WASHINGTON – A 1988 Gallup poll cited Elizabeth Dole as one of the 10 most admired women in the world. Yet few could imagine in 1975 that the woman who combined Harvard Law School brains, Southern grace and a perfectionist passion for public service was missing something — something spiritual.
“I was blessed with a beautiful marriage and a challenging career,” Dole regularly tells prayer breakfast groups throughout the country. “Gradually, over many years, I realized what was missing. My life was threatened with spiritual starvation.”
Dole, 57, said she realized that her public-service commitment had crowded out the spiritual lessons she had learned in Salisbury, N.C., at the knee of her grandmother, Mom Cathey. Dole began her journey to spiritual renewal by meeting with a group of Senate wives for weekly Bible study, discussion and prayer.
“I had built up my little self-sufficient world,” Dole said at the American Red Cross headquarters, where she has served as president since 1991. “I had God neatly compartmentalized, crammed into a crowded file drawer of my life, somewhere between ‘gardening’ and ‘government.'”
In the Monday night Bible studies, Dole said she shared feelings with the group that she never would have expressed to her White House colleagues. In this safe confine, Dole came face-to-face with her perfectionist tendencies and compulsion to constantly please. She said she learned real inner strength comes from a dependent relationship with Jesus Christ, not from independence and self-reliance.
Although she encourages young people to strive for excellence, which she believes is a Christian virtue, she cautions, “I think there is a point of diminishing returns.” Dole described Washington as a city of workaholics, who are striving to make a difference. But even the greatest public-service initiatives cannot meet one’s deepest needs, she added.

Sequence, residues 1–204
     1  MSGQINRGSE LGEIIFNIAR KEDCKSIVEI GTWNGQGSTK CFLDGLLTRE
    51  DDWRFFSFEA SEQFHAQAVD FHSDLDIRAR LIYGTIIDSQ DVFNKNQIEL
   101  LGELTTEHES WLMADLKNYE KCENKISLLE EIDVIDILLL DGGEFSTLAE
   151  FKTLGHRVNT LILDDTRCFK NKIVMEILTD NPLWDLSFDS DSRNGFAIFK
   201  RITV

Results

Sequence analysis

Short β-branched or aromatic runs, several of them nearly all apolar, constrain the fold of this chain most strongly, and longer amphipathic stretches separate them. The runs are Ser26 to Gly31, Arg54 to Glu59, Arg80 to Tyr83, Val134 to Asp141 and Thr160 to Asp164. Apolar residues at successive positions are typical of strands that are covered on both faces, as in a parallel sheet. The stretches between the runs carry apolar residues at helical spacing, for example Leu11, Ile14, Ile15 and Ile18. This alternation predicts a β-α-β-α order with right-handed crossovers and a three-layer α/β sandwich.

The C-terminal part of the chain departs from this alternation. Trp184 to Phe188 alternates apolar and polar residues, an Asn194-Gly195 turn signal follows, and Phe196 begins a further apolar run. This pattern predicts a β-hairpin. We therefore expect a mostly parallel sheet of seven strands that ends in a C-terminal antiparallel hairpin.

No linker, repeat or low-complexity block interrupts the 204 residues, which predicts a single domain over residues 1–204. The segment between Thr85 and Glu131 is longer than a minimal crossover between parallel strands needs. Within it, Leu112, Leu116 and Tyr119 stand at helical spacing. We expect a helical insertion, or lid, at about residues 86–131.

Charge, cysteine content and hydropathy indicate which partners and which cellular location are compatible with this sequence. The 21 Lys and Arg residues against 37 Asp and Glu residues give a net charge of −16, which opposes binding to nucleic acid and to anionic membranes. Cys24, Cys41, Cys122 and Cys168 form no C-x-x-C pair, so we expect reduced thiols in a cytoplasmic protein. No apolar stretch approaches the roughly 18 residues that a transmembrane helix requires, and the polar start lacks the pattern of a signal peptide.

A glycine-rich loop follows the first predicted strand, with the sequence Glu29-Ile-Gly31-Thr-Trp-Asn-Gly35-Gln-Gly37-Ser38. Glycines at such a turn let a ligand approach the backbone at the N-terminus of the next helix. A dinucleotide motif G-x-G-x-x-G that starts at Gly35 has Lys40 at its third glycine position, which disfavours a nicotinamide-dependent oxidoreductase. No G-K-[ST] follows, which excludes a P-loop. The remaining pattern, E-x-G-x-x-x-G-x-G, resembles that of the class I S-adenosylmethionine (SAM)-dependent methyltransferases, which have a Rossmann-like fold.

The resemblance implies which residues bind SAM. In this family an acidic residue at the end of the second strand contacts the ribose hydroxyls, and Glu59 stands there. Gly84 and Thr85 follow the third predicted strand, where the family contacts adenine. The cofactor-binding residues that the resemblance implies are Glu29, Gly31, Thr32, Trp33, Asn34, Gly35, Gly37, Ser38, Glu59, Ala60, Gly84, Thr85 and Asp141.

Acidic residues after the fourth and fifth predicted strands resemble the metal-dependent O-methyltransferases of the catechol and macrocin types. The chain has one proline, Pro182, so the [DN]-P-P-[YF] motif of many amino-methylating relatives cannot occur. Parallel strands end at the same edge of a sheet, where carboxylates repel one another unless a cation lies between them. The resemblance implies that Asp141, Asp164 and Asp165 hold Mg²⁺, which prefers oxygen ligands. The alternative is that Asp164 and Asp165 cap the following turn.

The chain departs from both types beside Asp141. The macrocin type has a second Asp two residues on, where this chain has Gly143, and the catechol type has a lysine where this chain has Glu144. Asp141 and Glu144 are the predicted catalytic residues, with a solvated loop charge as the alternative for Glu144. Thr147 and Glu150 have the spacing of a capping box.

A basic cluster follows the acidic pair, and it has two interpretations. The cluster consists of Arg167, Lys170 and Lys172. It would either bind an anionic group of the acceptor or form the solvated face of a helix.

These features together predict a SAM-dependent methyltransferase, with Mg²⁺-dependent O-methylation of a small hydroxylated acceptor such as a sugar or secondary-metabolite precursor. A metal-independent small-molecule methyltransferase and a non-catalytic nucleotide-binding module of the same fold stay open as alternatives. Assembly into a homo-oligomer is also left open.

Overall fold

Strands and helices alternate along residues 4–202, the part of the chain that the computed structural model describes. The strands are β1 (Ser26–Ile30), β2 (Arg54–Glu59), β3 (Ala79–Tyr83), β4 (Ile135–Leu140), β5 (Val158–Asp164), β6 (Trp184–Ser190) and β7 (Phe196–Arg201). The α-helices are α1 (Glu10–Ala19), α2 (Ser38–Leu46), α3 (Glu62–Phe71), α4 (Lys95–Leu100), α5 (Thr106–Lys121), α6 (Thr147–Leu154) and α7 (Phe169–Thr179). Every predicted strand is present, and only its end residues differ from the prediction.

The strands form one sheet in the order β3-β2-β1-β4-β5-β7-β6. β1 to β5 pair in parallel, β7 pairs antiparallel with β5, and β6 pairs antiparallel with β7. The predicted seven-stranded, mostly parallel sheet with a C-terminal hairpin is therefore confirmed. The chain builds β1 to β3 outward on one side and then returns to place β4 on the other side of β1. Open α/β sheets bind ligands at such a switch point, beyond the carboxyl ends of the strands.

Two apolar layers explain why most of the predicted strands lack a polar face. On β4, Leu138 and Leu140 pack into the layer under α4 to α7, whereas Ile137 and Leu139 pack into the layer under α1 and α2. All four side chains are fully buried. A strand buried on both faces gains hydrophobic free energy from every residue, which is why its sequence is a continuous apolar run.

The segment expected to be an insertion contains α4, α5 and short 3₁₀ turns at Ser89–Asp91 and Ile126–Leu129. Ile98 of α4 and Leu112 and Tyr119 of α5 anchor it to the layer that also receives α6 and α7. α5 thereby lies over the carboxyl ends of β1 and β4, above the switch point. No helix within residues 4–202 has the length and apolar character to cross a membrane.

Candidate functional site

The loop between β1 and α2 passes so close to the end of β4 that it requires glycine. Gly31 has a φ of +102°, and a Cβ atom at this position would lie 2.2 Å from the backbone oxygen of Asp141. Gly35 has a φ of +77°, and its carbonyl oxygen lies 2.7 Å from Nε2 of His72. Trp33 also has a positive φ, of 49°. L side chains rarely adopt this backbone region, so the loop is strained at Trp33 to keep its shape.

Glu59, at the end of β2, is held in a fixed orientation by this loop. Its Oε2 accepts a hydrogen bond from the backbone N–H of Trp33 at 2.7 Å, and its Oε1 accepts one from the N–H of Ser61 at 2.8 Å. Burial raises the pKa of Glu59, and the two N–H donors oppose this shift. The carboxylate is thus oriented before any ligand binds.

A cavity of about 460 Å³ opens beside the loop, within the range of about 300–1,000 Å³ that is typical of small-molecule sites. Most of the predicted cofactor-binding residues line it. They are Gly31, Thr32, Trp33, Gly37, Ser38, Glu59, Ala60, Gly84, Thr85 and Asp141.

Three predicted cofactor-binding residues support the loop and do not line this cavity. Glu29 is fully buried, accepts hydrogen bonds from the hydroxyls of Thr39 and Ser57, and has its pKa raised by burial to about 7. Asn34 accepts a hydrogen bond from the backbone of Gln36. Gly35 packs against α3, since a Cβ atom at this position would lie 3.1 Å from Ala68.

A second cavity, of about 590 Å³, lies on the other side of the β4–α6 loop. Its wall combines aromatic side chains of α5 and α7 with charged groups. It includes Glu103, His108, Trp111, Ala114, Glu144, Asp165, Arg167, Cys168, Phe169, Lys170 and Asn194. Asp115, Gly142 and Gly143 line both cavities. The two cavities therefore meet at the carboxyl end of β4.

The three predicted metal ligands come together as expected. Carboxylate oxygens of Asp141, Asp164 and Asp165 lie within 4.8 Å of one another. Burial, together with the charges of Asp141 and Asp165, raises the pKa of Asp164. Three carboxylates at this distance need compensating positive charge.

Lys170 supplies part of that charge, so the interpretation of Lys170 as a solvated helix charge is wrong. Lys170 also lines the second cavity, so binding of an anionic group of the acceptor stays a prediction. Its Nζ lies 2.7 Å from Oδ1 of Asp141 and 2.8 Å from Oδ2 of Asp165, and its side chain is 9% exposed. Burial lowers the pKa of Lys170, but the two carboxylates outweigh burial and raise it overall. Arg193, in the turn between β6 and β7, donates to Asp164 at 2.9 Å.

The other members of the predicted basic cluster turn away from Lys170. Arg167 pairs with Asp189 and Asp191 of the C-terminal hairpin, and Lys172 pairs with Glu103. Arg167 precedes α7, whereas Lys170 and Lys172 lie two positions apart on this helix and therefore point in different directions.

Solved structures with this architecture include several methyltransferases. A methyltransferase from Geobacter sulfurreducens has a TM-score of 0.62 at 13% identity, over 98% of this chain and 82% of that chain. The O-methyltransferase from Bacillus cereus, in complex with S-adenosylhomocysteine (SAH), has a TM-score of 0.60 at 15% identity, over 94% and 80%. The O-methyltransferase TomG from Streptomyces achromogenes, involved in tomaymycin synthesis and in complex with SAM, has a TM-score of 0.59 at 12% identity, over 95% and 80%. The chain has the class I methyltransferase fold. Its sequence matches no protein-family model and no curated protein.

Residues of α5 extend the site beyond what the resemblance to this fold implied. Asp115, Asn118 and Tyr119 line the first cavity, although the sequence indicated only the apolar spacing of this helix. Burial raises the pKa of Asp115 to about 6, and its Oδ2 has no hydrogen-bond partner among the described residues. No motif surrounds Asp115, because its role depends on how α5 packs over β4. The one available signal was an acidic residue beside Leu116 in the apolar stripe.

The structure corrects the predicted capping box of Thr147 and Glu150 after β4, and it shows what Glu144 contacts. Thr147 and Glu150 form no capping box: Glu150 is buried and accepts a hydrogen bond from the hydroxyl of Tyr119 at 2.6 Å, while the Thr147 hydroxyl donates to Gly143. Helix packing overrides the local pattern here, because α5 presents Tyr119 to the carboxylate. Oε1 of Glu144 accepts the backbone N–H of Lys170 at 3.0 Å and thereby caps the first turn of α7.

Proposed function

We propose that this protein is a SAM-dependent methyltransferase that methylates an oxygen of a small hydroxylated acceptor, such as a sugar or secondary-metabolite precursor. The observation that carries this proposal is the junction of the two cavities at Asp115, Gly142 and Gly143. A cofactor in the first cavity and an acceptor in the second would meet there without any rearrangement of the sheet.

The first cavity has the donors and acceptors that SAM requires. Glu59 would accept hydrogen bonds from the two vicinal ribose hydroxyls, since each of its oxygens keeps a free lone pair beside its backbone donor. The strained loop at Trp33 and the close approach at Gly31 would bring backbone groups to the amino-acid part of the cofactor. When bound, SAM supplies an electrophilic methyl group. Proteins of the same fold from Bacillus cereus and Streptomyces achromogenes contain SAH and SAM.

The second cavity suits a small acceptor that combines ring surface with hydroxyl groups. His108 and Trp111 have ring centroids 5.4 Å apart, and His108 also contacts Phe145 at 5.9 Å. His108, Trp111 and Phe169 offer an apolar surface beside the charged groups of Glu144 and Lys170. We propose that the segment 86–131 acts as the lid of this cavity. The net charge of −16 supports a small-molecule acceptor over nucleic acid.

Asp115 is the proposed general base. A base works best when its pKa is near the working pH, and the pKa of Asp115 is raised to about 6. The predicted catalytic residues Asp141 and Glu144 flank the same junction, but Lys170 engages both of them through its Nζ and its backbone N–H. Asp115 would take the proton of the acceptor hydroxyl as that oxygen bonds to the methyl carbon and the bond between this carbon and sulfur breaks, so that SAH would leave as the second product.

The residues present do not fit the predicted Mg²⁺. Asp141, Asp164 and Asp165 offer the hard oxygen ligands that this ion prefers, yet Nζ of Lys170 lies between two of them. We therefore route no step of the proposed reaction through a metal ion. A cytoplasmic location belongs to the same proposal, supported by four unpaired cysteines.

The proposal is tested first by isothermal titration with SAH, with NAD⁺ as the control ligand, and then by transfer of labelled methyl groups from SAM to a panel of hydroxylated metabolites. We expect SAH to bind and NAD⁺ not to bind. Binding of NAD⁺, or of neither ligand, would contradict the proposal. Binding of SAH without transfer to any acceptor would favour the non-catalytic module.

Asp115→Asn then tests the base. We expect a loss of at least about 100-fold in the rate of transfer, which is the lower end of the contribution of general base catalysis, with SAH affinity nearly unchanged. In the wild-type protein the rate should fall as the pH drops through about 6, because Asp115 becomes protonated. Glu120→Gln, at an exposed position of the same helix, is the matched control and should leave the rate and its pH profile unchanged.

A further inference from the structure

“Christianity is more than faith, more than believing, more than trying to have a mission field,” Dole said. “The essence of it is having that personal relationship with the Lord.”
Bible scholar Art Lindsley of the C.S. Lewis Institute in Arlington, Va., meets regularly with Dole for Bible-related discussions and prayer. He attributes her success to a larger perspective that goes beyond job titles and income earned. Her relationship with the Lord enables her to see life before “the audience of One — the ultimate audience,” Lindsley said.
After five years of weekly meetings with Dole, in which they discuss the Scriptures and classic Christian books, Lindsley remains impressed with Dole’s desire to know God. “I think it all ends up profoundly affecting her desire to serve people,” Lindsley said.
Dole spends at least 30 minutes a day in Bible study and prayer. Her daily time of spiritual renewal gives her the energy and passion to sustain a schedule that she sometimes describes as a “blur.”
Sunday has become sacrosanct in the Dole household as a time to recharge the batteries — physical, emotional and spiritual.
It’s a time for church, friends and no appointments, except for an occasional appearance on a Sunday morning news show.
“D.C.’s power couple” is how some describe Elizabeth Dole and Senate Minority Leader Robert Dole, R-Kan. But the Doles’ private life together departs from the power-broker image. “We’re not on the social circuit,” Elizabeth Dole said.
HELPS YOUNG PEOPLE
The Doles have worked together on projects to help inner-city children, the homeless, senior citizens and the Dole Foundation, a foundation established by Sen. Dole to aid disabled people. All these activities are “an outgrowth of our Christian faith,” Elizabeth Dole said.
In 1991 Elizabeth Dole and her brother, John Hanford, launched “Youth In Action,” a program to build the self-esteem of America’s youth. They established the Mary Cathey Hanford Endowment, named after their mother, and selected Salisbury, N.C., as the site of the endowment’s first project so that their 92-year-old mother could lend a hand in the effort.
Recently, Dole and Darrell Green, cornerback for the Washington Redskins, announced the opening of a learning center for the inner-city children of Washington. The center is operated by the Darrell Green Youth Foundation, but Dole has contributed through the Hanford Endowment.
“She’s very serious about helping young people,” Green said. “Once she sees something that works, she doesn’t waste any time.”